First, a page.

Frankenstein's Daughters: Women Writers of Science Fiction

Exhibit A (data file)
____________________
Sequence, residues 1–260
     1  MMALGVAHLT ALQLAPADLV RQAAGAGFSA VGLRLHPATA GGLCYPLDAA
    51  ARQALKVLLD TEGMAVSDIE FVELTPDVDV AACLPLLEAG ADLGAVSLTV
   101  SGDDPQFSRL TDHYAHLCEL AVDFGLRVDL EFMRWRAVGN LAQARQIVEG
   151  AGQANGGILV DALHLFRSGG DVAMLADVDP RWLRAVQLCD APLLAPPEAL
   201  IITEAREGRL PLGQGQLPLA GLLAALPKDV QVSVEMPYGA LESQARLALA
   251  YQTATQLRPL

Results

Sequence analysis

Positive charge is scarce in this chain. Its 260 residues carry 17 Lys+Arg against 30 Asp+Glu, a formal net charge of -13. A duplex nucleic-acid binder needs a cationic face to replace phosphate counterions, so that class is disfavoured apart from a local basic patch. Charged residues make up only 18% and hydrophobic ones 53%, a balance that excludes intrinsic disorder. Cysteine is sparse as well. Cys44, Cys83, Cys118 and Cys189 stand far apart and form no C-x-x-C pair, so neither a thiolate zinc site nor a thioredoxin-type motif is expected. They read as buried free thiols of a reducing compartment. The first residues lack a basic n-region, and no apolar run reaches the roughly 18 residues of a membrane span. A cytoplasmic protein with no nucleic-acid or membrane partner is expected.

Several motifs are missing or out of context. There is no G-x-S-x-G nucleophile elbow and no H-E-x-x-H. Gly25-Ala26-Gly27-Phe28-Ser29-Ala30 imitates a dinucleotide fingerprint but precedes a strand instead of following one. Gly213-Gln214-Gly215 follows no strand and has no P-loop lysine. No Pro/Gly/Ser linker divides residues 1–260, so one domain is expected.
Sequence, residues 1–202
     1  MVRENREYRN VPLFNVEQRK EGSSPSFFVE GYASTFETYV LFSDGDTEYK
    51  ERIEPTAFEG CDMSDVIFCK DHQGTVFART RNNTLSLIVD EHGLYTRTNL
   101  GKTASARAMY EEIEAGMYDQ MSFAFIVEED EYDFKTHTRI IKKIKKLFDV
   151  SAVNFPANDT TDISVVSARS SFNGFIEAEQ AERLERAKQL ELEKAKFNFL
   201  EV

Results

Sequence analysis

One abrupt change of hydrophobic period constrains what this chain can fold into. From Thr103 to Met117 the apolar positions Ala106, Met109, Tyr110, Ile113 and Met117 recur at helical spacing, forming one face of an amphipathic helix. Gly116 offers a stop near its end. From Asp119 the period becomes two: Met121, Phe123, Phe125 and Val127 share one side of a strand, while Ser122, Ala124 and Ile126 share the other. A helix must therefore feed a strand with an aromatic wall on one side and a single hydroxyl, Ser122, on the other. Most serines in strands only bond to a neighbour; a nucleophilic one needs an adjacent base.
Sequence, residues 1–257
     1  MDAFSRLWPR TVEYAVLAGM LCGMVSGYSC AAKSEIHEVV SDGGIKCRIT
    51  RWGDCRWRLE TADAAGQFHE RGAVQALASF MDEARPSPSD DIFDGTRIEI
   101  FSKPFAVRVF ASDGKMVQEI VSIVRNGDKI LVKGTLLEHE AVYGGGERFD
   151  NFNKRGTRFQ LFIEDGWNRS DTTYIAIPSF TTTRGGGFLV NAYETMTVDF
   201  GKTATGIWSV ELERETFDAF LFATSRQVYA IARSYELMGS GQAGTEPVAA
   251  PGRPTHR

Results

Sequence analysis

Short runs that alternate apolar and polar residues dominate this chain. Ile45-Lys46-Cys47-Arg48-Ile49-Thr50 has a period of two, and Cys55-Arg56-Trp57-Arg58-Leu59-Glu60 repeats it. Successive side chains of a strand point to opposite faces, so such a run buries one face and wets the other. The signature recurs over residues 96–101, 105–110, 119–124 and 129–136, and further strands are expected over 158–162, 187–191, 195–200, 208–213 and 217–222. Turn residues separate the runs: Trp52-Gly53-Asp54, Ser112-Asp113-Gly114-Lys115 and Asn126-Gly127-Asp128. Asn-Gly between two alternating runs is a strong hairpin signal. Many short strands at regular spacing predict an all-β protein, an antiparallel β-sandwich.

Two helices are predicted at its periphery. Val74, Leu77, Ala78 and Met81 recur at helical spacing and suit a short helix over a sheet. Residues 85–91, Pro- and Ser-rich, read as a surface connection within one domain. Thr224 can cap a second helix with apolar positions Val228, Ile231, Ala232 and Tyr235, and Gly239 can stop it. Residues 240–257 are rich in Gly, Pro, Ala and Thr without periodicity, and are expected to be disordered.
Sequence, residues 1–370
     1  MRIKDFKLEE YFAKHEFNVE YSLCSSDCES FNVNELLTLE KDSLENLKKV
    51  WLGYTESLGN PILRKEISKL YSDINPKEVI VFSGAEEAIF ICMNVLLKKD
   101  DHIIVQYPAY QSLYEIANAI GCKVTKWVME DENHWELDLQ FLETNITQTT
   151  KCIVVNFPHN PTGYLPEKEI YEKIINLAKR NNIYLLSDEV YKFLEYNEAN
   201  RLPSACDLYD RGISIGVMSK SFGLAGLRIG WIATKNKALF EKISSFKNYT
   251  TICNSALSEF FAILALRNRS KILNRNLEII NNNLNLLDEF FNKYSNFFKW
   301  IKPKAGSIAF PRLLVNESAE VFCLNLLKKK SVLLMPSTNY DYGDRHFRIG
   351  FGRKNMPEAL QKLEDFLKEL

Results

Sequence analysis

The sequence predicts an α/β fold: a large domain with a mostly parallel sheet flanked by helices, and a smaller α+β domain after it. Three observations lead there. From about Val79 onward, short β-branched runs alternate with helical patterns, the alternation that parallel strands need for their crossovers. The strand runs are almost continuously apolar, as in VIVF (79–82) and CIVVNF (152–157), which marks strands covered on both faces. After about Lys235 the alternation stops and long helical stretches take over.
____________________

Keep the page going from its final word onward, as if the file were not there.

This course offers a historical survey of women's writing in science fiction, beginning with Mary Shelley's Frankenstein and ending with the more recent efforts of such authors as Occavia Butler, Nicola Griffith, Ursula LeGuin, K. LeGuin, Maureen McHugh, Joanna Russ, and James Tiptree, Jr. a.k.a. Alice Sheldon (to name but a few). W'ell investigate a number of questions: What is the place of feminism in science fiction? How does science fiction allow us to reimagine systems of gender/sexuality or race/ethnicity? In what ways does technology transform human identity? What is the ethical and political role of science fiction in the 1990s? Our readings will be taken from both novels and short story collections (with an emphasis on the latter): requirements will include spirited classroom discussions, weekly reading responses, and a small number of longer essays.